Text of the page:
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Thoughts on developing an

Started by Geato February 20, 2015
Hi,

New member here so hopefully I am in the correct group.

We have many controller boards in the field running the NXP1769 processor. 
Randomly, maybe a year or even 2 years down the road, the processor crashes
and re-flashing the firmware brings it back to life.  We know it is a
transient doing this but while we are chasing that problem, a stop gap fix
would be to come up with an auto re-flasher of sorts.

I am thinking of a small pcb that plugs onto the existing JTAG connector
that has a firmware image stored a uSD card.  Something (non-processor
hopefully), perhaps a CPLD powers up the uSD and transfers the image to the
NXP.  The hardware watchdog will initiate the transfer.

Does this sound like it is possible to do at a high level?  I am trying to
minimize the reliance on additional firmware like bootloaders or standalone
JTAG programmers.  The latter is physically too big and pricey as I would
need about a thousand of these.

Cheers....

	   
					
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Posted through http://www.EmbeddedRelated.com
Den fredag den 20. februar 2015 kl. 21.18.51 UTC+1 skrev Geato:
> Hi, > > New member here so hopefully I am in the correct group. > > We have many controller boards in the field running the NXP1769 processor. > Randomly, maybe a year or even 2 years down the road, the processor crashes > and re-flashing the firmware brings it back to life. We know it is a > transient doing this but while we are chasing that problem, a stop gap fix > would be to come up with an auto re-flasher of sorts. > > I am thinking of a small pcb that plugs onto the existing JTAG connector > that has a firmware image stored a uSD card. Something (non-processor > hopefully), perhaps a CPLD powers up the uSD and transfers the image to the > NXP. The hardware watchdog will initiate the transfer. > > Does this sound like it is possible to do at a high level? I am trying to > minimize the reliance on additional firmware like bootloaders or standalone > JTAG programmers. The latter is physically too big and pricey as I would > need about a thousand of these. > > Cheers.... >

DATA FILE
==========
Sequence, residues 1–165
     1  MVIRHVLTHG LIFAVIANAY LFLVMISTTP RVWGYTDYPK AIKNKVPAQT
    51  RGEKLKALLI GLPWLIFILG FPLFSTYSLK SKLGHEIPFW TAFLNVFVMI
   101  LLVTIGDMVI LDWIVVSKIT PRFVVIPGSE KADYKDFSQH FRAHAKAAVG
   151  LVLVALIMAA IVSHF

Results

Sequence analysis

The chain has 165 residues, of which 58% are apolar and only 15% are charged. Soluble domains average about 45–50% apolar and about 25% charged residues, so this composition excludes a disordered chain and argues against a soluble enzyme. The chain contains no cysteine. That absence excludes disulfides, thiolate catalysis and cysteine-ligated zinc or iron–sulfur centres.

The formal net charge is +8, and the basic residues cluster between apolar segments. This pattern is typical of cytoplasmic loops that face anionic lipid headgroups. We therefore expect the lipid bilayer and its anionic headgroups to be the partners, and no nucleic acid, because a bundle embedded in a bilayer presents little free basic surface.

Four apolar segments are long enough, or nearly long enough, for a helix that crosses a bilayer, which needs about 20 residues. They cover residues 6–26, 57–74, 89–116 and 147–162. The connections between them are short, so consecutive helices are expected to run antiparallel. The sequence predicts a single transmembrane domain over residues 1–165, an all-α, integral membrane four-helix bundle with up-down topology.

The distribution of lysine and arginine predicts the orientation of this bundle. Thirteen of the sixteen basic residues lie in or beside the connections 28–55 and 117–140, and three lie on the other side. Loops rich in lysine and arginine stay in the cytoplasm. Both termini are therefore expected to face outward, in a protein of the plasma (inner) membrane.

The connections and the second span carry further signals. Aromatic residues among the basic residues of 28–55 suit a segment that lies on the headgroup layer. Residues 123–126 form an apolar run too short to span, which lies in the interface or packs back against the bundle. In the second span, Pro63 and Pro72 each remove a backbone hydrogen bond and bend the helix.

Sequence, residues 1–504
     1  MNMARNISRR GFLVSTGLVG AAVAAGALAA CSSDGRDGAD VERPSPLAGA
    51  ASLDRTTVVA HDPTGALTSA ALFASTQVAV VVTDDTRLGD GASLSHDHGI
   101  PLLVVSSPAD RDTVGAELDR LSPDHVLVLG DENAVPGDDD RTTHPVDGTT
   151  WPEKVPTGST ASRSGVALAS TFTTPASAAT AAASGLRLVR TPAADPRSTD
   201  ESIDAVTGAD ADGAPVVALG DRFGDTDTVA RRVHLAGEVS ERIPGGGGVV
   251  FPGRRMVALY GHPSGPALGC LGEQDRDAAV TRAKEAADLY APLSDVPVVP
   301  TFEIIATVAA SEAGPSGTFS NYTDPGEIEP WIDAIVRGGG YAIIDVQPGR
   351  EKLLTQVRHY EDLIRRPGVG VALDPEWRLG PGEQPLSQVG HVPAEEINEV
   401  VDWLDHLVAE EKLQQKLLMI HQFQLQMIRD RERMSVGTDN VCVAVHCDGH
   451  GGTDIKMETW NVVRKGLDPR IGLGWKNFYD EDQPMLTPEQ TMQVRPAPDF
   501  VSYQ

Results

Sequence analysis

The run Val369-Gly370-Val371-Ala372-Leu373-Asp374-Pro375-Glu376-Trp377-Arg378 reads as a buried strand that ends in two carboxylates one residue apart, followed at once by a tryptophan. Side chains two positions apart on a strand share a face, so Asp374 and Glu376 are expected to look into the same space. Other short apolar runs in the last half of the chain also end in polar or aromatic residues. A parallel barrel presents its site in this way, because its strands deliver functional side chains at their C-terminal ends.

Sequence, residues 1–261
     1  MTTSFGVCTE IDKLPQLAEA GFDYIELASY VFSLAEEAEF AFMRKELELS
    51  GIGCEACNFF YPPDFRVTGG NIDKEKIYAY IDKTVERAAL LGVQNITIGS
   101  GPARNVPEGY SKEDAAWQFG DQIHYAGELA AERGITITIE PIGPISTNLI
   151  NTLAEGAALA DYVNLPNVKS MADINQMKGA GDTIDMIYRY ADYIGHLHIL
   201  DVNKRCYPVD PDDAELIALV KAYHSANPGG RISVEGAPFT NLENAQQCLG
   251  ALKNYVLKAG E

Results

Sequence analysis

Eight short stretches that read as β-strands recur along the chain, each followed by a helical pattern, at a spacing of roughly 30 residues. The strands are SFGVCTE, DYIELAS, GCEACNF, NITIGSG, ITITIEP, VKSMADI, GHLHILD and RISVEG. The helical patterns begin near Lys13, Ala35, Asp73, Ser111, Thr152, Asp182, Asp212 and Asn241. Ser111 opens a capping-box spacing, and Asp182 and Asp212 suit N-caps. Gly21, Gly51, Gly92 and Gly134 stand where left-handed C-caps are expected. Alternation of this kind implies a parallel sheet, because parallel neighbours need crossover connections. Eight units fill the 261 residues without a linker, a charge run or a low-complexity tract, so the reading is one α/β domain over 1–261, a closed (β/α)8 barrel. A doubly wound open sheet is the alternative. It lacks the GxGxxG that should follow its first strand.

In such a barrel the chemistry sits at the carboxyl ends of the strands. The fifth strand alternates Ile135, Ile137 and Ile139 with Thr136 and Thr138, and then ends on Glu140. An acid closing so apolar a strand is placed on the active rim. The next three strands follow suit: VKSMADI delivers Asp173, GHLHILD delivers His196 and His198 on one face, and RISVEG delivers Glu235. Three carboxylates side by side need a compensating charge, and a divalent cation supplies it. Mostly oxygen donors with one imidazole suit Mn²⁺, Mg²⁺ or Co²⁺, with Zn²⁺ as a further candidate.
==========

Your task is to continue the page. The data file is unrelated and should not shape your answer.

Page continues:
you can't get to the uart and bootpin so you can use the buildin bootloader? many years ago I did boot and flash ARM7 via JTAG for a test system, it was basically some parallelport JTAG code from a PC app ported to an MCU Talking JTAG isn't complicated, figuring what to tell the chip can be, but if you can figure that out any old MCU with enough flash should be able to do what you want -Lasse
On 2/20/2015 1:18 PM, Geato wrote:

> We have many controller boards in the field running the NXP1769 processor. > Randomly, maybe a year or even 2 years down the road, the processor crashes > and re-flashing the firmware brings it back to life.
Have you verified that the old/existing firmware image *is* corrupted at this point? I.e., that the device won't restart "normally" after such a crash (cycle power)? As your existing system (apparently) can't self-flash, you must be dispatching "staff" to perform this reflash? Do they do anything besides blindly reflashing the device? Is it cheaper/easier to just *replace* defective devices (which gives you a chance to do a post-mortem on the device(s) that have failed)? (I.e., this sounds like the "reinstall Windows" solution-to-all-problems)
> We know it is a > transient doing this but while we are chasing that problem, a stop gap fix > would be to come up with an auto re-flasher of sorts.